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Old 17th June 2022, 02:11 PM   #1
Matthew Best
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Life sentence for marijuana possession

The Mississippi Supreme Court has confirmed a life sentence for a man convicted of marijuana possession (he had an ounce and half).

It was a "three strikes and you're out" kind of deal - his first two strikes were for house burglary and being a felon in possession of a firearm.

I don't know man, it seems like this is harshing my mellow somewhat.

https://www.wlbt.com/2022/06/16/high...na-possession/
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Old 17th June 2022, 02:18 PM   #2
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Bet an ounce in Mississippi is where it turns from a misdemeanor into a felony. Three strikes laws are weird, and I'm not sure I like them, but... Felony drug possession in a three strikes state, when you already have two strikes on your record, seems like a pretty reasonable case of 'play stupid games, win stupid prizes'. Dude knew he was going down if he got caught again, and decided to stay in the life and take his chances.
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Old 17th June 2022, 02:26 PM   #3
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Well, seems an insane penalty to me. But I do have a rep as the sensitive type, I guess.

There has been some talk lately that jurisdiction is king, so I guess this decision is OK in that sense? I hope somehow it doesn't stick, though. See like either poorly written, or simply unjust law.

How many other states would enforce such a penalty in this case, I wonder?
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Old 17th June 2022, 02:33 PM   #4
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Also the thread title is fake news clickbait. It's a life sentence for three felonies, in a three strikes state.
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Old 17th June 2022, 02:46 PM   #5
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No, he was found guilty of possession of marijuana and sentenced to life imprisonment. It's totally accurate.

If I'd wanted to do clickbait, I would have said "You won't believe what sentence this guy got for possession of marijuana" and then made you click to find out. I explained exactly what happened in my post.
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Old 17th June 2022, 02:49 PM   #6
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Wonder if the lack of basic education there means they think "one ounce" is like two truck-loads.
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Old 17th June 2022, 02:53 PM   #7
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Originally Posted by Matthew Best View Post
No, he was found guilty of possession of marijuana and sentenced to life imprisonment. It's totally accurate.

If I'd wanted to do clickbait, I would have said "You won't believe what sentence this guy got for possession of marijuana" and then made you click to find out. I explained exactly what happened in my post.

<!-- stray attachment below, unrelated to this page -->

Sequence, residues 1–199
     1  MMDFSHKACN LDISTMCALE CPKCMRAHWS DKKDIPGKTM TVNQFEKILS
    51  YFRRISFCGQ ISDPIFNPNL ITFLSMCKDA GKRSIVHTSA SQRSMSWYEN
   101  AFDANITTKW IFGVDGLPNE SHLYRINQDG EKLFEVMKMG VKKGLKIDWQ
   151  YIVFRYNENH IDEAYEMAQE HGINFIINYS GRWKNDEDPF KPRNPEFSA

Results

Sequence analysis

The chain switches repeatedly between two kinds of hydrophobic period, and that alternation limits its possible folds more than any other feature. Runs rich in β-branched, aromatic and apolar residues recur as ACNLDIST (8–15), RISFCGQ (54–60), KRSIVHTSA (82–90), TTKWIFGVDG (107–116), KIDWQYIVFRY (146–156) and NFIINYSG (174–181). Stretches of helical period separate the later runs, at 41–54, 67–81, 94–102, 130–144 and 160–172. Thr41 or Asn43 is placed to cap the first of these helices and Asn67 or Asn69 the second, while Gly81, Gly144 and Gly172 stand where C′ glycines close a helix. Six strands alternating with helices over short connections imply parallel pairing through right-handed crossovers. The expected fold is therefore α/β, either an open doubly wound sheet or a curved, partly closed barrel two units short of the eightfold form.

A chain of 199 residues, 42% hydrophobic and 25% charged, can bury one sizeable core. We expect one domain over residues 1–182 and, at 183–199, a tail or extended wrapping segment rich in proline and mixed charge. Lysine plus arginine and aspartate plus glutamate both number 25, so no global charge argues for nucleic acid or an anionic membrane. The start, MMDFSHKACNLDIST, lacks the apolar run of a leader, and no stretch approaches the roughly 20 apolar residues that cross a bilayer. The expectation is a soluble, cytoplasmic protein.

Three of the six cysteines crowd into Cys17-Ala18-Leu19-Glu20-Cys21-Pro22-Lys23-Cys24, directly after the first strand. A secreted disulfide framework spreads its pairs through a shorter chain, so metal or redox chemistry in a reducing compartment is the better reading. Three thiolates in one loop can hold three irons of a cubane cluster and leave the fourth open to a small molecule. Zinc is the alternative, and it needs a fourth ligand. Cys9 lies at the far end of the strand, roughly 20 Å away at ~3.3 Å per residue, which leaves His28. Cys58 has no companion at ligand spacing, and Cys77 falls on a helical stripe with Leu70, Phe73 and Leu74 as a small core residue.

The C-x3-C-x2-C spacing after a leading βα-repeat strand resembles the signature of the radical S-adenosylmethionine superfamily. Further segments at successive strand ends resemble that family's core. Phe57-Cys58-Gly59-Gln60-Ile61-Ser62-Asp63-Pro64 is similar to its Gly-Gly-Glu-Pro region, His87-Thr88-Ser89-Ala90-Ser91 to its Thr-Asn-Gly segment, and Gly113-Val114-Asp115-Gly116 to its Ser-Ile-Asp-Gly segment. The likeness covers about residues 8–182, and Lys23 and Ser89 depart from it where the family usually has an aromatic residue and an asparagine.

The sentence was because the marijuana was the third strike. This makes a lot more sense, and much more accurately describes the outcome and the reason for the outcome, than your headline. You obfuscated important context.
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Old 17th June 2022, 02:53 PM   #8
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How's that war on drugs working out for you America? Have you won yet?
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Old 17th June 2022, 02:54 PM   #9
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Originally Posted by Matthew Best View Post
No, he was found guilty of possession of marijuana and sentenced to life imprisonment. It's totally accurate.

If I'd wanted to do clickbait, I would have said "You won't believe what sentence this guy got for possession of marijuana" and then made you click to find out. I explained exactly what happened in my post.
No, because possession of marijuana was not what he got life for.

See http://www.internationalskeptics.com...36&postcount=7
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Old 17th June 2022, 03:01 PM   #10
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Originally Posted by Norman Alexander View Post
Wonder if the lack of basic education there means they think "one ounce" is like two truck-loads.
Even New Zealand considers an ounce of weed (28 grams) to be a more serious offense:

https://www.legislation.govt.nz/act/...html#DLM436784

Tell us more about the lack of basic education in New Zealand.
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Old 17th June 2022, 03:04 PM   #11
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There are reasonable arguments for three strikes laws, mostly that by the third conviction the statistics suggest strongly that life of crime lays ahead for the felon in questions. Life for the third felony that just happens to be just enough pot to make a felony seems a bit excessive. Especially considering that possession of MJ should not be a crime.